Pipers at the Gates of Boredom
Los Angeles’ The Warlocks are a band steeped in psychedelia and a proto-punk garage aesthetic. The Warlocks was an early name used by The Grateful Dead, and the band’s bio is littered with surrealistic imagery (“…icy cool, white-noise swirl that evoked a decadent lysergic night…”). Their newest offering, Skull Worship, is a languorous and melancholic record, but is weighed down by the music’s somewhat repetitive formula, the production’s utter derivativeness and a distinct lack of passion.
One can hear The Warlocks’ touchstones fairly easily in their music: early Stooges and Velvet Underground, pre-Meddle Pink Floyd, and Nuggets-era Animals and Yardbirds imitators filtered through a somewhat gothic sensibility. The vocals are not prominent in the mix and are colored by a bit of reverb, and barely rise above a whisper (or more aptly put, a whine). Now, given their influences, this isn’t a problem. Lou Reed didn’t have a great voice, he just had the right attitude. Barrett could mumble and whisper and get lost in the sonic alchemy on Piper or in his own navel-gazing folk on his solo records, but some aspect of the vocal performance itself maintained a hook.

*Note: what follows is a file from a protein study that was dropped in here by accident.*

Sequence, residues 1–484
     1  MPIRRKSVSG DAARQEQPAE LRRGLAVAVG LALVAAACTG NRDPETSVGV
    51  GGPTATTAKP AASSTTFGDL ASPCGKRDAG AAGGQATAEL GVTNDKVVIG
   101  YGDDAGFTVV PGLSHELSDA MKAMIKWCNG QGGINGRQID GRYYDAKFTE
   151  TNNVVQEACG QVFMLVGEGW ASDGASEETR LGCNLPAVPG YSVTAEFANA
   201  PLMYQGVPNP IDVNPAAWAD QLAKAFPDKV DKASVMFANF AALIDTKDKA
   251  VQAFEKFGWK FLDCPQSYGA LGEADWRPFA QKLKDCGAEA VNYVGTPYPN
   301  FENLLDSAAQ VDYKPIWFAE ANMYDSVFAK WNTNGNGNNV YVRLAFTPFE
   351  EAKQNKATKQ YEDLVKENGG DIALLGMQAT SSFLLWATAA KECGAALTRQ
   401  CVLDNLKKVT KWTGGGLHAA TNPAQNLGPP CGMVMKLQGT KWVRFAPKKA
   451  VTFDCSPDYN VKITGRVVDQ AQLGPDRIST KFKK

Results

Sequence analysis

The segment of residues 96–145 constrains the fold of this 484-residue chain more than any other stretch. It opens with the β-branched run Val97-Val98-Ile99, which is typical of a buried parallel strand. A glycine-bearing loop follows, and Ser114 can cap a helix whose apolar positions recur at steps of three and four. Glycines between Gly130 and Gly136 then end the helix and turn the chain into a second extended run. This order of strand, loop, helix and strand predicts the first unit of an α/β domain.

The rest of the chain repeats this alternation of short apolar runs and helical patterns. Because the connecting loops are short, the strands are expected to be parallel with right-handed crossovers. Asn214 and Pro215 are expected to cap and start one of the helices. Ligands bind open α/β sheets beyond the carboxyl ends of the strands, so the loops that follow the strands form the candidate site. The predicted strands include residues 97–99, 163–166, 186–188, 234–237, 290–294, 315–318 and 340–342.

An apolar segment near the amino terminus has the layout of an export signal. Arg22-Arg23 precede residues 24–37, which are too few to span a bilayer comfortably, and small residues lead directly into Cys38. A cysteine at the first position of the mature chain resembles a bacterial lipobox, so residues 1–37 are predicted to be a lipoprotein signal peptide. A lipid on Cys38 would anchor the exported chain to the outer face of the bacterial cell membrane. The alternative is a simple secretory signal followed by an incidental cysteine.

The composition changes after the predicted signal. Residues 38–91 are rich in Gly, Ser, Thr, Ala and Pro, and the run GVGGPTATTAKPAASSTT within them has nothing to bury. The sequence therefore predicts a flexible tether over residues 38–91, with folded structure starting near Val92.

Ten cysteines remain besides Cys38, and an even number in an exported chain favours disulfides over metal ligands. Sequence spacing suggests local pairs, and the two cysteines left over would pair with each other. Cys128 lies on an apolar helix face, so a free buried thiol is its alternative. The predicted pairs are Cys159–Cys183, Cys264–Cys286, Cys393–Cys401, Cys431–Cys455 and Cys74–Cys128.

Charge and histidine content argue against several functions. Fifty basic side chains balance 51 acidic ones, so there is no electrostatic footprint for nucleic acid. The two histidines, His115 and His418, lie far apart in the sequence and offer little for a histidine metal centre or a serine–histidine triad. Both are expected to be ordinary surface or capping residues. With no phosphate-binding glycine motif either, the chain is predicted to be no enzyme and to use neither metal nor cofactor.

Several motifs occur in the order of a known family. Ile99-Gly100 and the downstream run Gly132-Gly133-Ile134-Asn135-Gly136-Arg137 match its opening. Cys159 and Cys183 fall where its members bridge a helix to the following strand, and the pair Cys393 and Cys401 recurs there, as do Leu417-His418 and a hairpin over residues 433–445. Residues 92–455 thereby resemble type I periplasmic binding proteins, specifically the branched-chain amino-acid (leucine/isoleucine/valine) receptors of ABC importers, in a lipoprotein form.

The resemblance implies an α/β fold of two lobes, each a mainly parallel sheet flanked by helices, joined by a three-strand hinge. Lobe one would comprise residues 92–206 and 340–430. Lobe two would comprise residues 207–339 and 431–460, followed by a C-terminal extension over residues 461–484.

“Dead Generation,” the opener on Skull Worship, plods on for over four minutes, recycling the same guitar riff, its lyrics mush-mouthed, its melody in a warbly second tenor, the obligatory fuzz and white noise drifting in and out without much of an effect on the dynamics or mood of the song. Even as they drop the dynamic level, it rarely varies or provides an arc within the song, and they’re simply aping the same moods they’ve picked up from their Pink Floyd and Syd Barrett re-pressings. “Silver & Plastic” could be off of Saucerful of Secrets or Barrett’s The Madcap Laughs; “He Looks Good in Space” is a poorly engineered/sequenced Dark Side ripoff. (To be fair, “You’ve Changed” at least mashes together Barrettized freak-folk of the second half with the anemic “freak outs” of the first).
One could talk about other songs in an effort to find some sort of attraction, but the scenery is completely monochrome. The beginning of “Endless Drops” promises something new as an almost Joy Division bass tone begins the song, but once the fuzzed-out guitars enter, the one-dimensionality of arrangement and unconvincingly affected feyness of the vocals continue chugging down the same unrewarding set of tracks, and we’re left with another “Astronomy Domine” rip-off without evincing any of the dread or sonic experimentation. These are formulas we’ve heard before and plenty of their contemporaries do the job better.
One need only look at classic records like Comets on Fire’s Blue Cathedral, The Black Lips’ Let it Bloom, or Detroit’s Easy Action, if you want to hear modern psychedelia, Nuggets psych-garage worship, or Stooges worship done right. The problem isn’t even that The Warlocks don’t have encouraging moments as a band (they do, especially on the aforementioned “Endless Drops”), it’s that these moments have no passion or sincerity. Like their heroes from the bands they love so well, they’re chasing after an elusive high, a truly mind-altering and epiphanic trip. Unfortunately for them, Skull Worship doesn’t make it out of the driveway before sputtering and dying.